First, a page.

What's the difference between a 401(k) and a pension plan?

Pensions, 401(k)
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The pension plans are typically financed by the employers and guarantee an individual pension when the employee retires. The guaranteed pension will depend on the years of service, seniority, and earned income among other factors. Employees may or may not be required to contribute to the pension plan. The crucial element here is the guaranteed amount. The employers bear the risk of meeting their future obligations. As we have seen many times already, many employers have a shortfall in their pension plans and have to take money out of their operation to pay off pensions to their former workers.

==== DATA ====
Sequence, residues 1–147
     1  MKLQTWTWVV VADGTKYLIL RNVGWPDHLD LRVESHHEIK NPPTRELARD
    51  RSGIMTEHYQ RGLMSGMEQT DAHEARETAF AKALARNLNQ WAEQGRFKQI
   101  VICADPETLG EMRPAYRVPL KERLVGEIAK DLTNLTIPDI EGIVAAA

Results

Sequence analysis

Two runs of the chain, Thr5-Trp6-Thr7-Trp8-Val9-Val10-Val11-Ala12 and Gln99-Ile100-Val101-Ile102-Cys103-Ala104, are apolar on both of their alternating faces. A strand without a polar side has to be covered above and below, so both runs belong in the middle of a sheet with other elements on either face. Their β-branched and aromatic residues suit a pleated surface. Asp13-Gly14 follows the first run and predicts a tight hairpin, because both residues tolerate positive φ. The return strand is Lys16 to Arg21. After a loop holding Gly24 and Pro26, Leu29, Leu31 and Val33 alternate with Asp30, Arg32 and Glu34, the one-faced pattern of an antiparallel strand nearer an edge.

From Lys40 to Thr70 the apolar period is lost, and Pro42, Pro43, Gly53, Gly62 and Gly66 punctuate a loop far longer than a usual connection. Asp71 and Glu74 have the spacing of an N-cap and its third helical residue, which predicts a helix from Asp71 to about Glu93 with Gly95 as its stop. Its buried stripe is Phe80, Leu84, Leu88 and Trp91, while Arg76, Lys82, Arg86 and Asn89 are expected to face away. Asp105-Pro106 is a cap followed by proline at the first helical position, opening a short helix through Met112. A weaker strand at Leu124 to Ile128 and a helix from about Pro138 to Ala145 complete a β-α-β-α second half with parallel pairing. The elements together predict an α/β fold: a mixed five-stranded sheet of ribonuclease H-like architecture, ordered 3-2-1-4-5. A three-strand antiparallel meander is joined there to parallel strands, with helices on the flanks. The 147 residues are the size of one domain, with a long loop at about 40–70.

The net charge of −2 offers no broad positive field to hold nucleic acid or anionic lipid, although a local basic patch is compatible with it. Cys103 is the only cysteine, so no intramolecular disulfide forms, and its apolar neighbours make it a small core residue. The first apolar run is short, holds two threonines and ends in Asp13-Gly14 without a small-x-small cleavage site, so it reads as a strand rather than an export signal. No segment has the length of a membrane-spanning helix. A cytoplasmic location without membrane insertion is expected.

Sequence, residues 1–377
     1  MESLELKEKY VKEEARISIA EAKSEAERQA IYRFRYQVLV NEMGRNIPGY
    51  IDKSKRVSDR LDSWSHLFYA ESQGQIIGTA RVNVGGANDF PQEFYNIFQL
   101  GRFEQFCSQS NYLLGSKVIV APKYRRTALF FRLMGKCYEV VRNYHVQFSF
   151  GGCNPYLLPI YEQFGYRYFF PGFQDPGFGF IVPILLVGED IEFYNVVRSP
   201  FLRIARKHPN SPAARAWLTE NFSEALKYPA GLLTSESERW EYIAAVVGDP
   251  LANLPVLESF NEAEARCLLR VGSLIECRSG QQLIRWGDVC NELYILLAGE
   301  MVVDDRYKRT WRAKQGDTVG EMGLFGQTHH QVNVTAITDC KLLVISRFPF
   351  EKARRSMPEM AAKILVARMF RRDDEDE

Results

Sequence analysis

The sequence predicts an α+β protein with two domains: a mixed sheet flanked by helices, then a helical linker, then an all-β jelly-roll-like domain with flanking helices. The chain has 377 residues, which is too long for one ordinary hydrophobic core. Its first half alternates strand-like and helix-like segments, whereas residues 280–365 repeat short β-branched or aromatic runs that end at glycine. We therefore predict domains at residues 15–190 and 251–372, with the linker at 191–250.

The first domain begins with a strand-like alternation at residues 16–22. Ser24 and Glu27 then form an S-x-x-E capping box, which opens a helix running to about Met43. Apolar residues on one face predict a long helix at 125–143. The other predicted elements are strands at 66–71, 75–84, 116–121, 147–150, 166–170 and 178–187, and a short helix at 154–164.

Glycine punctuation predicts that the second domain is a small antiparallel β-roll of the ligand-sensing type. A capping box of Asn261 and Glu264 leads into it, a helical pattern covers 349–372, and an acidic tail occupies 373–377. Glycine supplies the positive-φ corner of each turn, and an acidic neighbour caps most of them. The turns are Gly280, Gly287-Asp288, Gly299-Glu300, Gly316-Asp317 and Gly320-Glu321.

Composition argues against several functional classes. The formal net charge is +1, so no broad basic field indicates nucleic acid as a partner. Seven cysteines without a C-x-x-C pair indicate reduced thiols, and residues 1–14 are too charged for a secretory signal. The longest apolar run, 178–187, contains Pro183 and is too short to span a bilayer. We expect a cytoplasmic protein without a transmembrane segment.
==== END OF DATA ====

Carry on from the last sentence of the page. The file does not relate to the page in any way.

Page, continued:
The 401k and 403b are defined contributions plans, where both the employee and the employer make contributions. These contributions are tax deferred. They reduce taxes in the year they are made. Taxes are due upon withdrawal of funds. The main burden in these plans falls onto the worker. They are responsible for making contributions to their retirement plans. The employees are also responsible for making investment choices and choosing the asset allocation for the account. The employers do no guarantee a fixed pension. The retirement distributions are solely dependent on the contribution amounts and the performance of the funds chosen in the plan.

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